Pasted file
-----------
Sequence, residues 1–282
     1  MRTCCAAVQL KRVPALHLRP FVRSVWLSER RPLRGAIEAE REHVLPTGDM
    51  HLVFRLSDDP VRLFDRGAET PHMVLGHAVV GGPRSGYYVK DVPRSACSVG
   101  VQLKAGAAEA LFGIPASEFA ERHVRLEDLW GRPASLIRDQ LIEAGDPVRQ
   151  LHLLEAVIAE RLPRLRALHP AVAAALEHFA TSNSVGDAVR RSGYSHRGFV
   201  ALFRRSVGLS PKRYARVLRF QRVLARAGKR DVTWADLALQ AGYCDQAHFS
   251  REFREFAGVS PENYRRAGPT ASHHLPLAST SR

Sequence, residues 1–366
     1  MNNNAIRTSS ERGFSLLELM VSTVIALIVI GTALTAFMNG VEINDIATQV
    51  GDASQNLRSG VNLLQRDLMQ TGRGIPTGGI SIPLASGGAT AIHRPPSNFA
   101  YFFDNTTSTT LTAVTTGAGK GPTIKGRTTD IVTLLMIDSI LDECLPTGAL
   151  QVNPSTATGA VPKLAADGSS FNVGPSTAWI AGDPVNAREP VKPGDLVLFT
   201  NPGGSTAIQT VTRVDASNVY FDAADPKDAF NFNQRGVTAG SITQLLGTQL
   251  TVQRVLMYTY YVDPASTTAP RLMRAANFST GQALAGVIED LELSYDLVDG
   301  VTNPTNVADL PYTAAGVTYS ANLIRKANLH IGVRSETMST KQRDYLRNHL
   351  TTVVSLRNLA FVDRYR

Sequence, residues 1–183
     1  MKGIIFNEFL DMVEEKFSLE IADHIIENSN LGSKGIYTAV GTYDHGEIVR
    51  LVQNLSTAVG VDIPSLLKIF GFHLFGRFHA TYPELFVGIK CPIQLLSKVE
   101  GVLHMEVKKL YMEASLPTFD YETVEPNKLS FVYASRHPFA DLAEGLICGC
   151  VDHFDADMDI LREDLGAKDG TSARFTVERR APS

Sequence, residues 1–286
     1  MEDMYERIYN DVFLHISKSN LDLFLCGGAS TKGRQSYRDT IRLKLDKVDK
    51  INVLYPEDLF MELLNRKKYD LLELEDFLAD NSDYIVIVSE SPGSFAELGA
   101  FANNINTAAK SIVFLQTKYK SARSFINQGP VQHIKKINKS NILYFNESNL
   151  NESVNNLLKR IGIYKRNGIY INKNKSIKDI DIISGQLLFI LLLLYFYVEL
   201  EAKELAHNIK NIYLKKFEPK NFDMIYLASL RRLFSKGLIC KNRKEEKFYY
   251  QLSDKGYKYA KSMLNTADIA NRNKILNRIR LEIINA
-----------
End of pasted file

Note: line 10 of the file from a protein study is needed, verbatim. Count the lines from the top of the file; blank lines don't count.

    51  GDASQNLRSG VNLLQRDLMQ TGRGIPTGGI SIPLASGGAT AIHRPPSNFA